Imagine two people in a room, sitting in chairs facing one another. One wall of the room is painted black and has no windows. The opposite wall is painted yellow, has multicolored artwork hanging from it and several windows. The two people who are sitting opposite one another are asked to describe the room. The first person proceeds to describe a brightly painted room, with colorful artwork and a view to the outside through several windows. The second person is able to describe the room in three words, “dark without windows.” They each look at each other with a puzzled look. Are they both sitting in the same room? Now, they are asked to switch chairs, and describe the room. By changing perspectives, they now understand what the other had just described.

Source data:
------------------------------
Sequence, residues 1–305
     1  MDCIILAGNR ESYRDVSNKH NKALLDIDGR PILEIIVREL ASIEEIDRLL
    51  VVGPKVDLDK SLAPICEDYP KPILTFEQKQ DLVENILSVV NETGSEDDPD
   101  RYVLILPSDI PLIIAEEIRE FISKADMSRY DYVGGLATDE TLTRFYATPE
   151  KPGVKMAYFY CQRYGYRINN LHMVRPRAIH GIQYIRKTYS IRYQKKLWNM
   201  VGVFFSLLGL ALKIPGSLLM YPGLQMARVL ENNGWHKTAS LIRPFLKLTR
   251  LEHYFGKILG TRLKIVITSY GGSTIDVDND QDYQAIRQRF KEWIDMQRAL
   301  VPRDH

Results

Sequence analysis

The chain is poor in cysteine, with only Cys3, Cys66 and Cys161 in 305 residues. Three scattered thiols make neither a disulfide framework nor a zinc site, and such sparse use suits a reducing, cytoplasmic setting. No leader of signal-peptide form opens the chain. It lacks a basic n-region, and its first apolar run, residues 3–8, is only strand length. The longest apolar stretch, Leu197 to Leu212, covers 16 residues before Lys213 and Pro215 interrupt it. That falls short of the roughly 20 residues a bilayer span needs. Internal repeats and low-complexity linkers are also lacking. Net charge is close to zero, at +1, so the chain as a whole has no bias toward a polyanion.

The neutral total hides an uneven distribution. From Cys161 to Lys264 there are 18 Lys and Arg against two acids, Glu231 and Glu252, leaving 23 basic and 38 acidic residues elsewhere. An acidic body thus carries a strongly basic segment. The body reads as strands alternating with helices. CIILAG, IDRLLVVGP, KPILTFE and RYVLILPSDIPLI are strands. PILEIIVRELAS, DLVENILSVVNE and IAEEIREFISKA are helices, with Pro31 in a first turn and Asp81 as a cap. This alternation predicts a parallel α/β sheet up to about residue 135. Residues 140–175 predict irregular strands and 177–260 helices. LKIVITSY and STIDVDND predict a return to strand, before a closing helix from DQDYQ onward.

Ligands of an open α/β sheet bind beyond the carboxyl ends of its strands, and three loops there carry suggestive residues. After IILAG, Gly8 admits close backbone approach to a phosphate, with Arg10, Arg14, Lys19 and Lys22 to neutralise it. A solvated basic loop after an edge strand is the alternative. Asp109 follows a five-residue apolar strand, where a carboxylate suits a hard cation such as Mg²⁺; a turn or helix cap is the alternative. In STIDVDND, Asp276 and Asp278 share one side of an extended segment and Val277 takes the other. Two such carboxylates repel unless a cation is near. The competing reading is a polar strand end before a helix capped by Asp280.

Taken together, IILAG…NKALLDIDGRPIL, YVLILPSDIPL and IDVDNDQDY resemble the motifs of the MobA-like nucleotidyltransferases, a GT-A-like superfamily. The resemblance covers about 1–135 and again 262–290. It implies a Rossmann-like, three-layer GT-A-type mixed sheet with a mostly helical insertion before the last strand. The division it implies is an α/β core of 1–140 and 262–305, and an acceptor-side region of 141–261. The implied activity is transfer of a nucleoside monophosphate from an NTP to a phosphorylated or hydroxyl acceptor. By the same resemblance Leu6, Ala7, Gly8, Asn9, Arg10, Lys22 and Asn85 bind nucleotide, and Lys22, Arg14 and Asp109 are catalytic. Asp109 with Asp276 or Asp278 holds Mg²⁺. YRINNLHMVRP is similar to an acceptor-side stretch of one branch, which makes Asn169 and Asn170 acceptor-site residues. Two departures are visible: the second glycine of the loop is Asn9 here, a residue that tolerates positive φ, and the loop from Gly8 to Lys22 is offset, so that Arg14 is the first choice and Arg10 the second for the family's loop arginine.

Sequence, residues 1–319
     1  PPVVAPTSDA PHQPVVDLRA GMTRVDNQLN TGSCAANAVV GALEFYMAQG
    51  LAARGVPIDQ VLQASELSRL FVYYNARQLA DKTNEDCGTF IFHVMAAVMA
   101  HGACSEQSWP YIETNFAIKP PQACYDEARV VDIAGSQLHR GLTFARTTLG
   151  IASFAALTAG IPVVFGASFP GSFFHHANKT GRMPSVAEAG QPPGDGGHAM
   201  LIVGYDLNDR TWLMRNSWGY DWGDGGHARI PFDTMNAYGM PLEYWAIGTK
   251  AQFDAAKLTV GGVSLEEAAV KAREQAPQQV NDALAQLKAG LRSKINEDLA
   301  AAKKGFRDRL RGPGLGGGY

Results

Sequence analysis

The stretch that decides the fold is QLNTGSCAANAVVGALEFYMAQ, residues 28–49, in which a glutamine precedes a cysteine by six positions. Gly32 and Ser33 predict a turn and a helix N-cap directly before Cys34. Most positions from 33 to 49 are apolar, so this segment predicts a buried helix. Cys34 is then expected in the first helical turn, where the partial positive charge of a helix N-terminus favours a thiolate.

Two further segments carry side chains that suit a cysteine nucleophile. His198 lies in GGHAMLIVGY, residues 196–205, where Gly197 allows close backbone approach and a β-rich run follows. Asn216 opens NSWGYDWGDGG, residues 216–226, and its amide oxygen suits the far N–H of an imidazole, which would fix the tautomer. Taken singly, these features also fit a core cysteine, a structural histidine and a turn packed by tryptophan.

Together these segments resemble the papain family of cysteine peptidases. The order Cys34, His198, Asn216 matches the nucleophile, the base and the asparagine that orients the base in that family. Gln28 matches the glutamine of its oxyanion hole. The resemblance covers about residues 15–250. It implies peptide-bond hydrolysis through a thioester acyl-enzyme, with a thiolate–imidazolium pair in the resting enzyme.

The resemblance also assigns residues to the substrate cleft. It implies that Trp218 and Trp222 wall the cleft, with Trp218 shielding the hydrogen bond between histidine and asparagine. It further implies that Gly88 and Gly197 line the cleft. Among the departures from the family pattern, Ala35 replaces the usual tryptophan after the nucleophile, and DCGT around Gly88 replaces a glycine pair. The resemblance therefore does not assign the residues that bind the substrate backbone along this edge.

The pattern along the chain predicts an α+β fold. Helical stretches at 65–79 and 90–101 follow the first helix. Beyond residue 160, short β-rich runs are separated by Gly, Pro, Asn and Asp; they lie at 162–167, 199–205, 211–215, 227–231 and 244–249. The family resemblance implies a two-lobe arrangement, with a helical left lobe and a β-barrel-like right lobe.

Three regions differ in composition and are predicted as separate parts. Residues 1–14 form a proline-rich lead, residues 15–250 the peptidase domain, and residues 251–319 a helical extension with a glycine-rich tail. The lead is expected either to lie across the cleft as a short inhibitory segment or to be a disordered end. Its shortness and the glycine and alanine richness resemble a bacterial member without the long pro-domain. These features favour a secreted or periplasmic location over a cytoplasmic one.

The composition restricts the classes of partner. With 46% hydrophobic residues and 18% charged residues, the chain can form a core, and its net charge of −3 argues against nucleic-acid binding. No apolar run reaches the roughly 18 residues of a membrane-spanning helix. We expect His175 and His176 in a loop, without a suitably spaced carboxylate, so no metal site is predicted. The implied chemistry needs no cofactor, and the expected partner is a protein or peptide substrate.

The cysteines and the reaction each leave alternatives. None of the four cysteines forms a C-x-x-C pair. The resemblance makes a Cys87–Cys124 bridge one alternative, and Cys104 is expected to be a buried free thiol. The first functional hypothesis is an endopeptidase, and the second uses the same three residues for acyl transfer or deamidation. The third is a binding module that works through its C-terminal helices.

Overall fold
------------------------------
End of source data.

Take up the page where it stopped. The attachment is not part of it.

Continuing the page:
Leadership is the ability to speak passionately to your perspective while understanding the view of those who differ with you. Demagoguery is self-righteously proclaiming the correctness of your view, while painting the other’s view as wrong, dangerous and destructive. Leaders focus on areas of agreement with the opposition, while demagogues are interested in widening the gap.
A few days ago, my son, Avi, addressed this issue in eJewish Philanthropy (and yes, I’m proud of him!) While the context was Israel, the idea of temporarily changing perspectives to increase understanding is relevant to all people at all times. We may still disagree with our opponents after we do so. But we will at least remember that we’re in the same room.Tags: Avi Herring, Chirk Castle, Demagogue, Dialogue, Different Perspectives, eJewish Philanthropy, Israel, Rainbow